Added: Collins Goodall - Date: 24.07.2021 01:33 - Views: 20649 - Clicks: 3087
The island of Newfoundland has a long and indented coastline that includes several major bays. Newfoundlanders conceived of their geography as a series of "shores" and "bays. While these are in part arbitrary geographic deations, there are concrete historical experiences that make them real. There are also factors that for differences among the bays.
Communications within these areas, as well as ethnic and economic similarities gave these "regions" some internal coherence. Each of these bays had particular qualities in common, for both geographic and historical reasons. For much of our history, communications and transportation were easier by sea than over land - with the consequence that sometimes communities within a particular bay had more frequent contact with each other than Newfoundlanders and Labradorians in other bays.
Particular areas of Newfoundland were also settled at different times, and with settlers from different parts of the British Isles and Ireland, so there is a measure of ethnic homogeneity within individual bays. Mary's Bay, for example, Newfoundland bay a high portion of Irish Roman Catholic people among its settlers.
The communities in each of the major bays tended to share the same economic foundation as well. Bonavista Bay communities participated in the offshore seal hunt, for example, while Placentia Bay communities often participated in the Grand Banks fishery. This encouraged common cultures with particular areas. The way of life could be strikingly different from the people in another bay.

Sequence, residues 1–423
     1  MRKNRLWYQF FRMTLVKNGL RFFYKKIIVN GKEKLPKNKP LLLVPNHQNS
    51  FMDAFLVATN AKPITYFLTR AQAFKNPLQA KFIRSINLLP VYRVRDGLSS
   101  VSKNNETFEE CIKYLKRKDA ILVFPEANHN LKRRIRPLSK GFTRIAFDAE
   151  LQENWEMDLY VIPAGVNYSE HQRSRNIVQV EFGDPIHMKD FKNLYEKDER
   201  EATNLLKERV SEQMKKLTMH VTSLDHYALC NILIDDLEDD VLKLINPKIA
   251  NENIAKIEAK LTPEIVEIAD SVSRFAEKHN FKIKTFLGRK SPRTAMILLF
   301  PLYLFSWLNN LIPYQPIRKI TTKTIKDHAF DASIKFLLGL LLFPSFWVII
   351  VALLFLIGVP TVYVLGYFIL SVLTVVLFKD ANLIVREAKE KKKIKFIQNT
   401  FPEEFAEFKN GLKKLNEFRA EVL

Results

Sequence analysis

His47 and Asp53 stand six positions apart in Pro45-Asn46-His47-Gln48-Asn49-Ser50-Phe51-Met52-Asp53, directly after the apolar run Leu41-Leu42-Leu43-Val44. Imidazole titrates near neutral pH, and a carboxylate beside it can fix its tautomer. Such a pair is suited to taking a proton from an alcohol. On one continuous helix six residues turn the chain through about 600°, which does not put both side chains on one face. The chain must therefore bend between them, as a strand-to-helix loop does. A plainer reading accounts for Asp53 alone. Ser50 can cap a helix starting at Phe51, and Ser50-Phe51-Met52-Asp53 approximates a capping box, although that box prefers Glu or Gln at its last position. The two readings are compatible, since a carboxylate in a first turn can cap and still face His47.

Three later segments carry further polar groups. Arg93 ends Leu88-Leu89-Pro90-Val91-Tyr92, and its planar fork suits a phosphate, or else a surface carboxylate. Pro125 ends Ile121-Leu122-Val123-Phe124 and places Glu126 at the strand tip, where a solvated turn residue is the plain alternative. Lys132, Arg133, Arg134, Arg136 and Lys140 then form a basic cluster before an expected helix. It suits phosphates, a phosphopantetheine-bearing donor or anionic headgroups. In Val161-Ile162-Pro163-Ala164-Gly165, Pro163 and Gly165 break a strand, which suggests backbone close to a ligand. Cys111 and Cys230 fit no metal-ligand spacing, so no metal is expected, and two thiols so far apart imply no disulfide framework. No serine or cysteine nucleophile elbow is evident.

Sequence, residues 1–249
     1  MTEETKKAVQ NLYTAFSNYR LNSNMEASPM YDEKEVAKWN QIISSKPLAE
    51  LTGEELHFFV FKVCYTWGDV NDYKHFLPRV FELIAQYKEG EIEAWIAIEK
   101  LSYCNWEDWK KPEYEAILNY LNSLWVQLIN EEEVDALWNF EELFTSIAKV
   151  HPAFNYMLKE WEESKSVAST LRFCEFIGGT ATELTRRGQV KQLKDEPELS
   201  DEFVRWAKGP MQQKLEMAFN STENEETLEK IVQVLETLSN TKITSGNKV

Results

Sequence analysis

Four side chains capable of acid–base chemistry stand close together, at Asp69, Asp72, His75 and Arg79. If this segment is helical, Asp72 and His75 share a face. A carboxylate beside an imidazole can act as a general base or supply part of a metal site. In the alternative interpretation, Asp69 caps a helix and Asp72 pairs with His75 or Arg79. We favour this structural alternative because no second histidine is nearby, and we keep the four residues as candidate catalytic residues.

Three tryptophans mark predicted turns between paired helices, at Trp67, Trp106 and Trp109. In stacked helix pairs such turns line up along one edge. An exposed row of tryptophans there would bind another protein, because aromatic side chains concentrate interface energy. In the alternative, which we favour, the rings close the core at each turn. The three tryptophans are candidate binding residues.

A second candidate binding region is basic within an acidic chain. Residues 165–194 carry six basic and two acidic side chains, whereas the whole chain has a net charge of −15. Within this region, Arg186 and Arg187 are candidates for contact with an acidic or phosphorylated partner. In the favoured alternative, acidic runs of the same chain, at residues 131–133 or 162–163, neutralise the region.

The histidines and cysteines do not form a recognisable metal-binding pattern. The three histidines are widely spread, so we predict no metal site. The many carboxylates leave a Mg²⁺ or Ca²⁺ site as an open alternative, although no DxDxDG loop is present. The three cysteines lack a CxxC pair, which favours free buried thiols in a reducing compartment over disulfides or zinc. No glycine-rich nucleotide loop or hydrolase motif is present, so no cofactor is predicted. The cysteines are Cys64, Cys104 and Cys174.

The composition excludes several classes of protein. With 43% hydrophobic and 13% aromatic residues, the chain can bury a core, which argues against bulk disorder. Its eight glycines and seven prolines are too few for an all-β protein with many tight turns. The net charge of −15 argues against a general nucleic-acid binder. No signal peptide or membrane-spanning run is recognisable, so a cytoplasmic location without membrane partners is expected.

In addition to Newfoundlanders feeling an attachment to their communities, they sometimes felt some sense of belonging to a larger "community" of their bay. One might hear people describing themselves as "Placentia Bay men" or "Placentia Bay women" for example. Those who had moved to urban centres were often the strongest in their identification with their home bay and Newfoundland bay.
While nearly all communities in Newfoundland had an economic and political relationship with St. John's, particular bays often had unofficial "capitals" of their own. A larger outport, such as Twillingate in Notre Dame Bay, could be the site of a hospital to serve the residents of the bay; or as with Greenspond in Bonavista Bay, have the courthouse for its area. Clergymen also moved from one small community to another within a bay, serving the spiritual needs of the residents of the bay who lacked clergy of their own.
Wealthier merchants, such as the Ryan family of Bonavista, also had agents who operated in other communities within the area. So economic and social connections tied bays together. Since most communities in Newfoundland and Labrador are located on the coast, and travel from one community to another was easier by sea, electoral districts were organized by bays. Unlike many British colonies, Newfoundland had not been divided into counties.
All the communities in a bay may have been included in the one district, or, in the case of a heavily populated or geographically large bay, have been divided into two districts. With the development of ro to all but the most remote of the outports during the 20th century, transportation by sea became less important and the cohesiveness of particular bays less important.
Old Perlican, Trinity Bay, John's: Vinland Press, Twillingate, Notre Dame Bay, Greenspond, Bonavista Bay,Newfoundland bay
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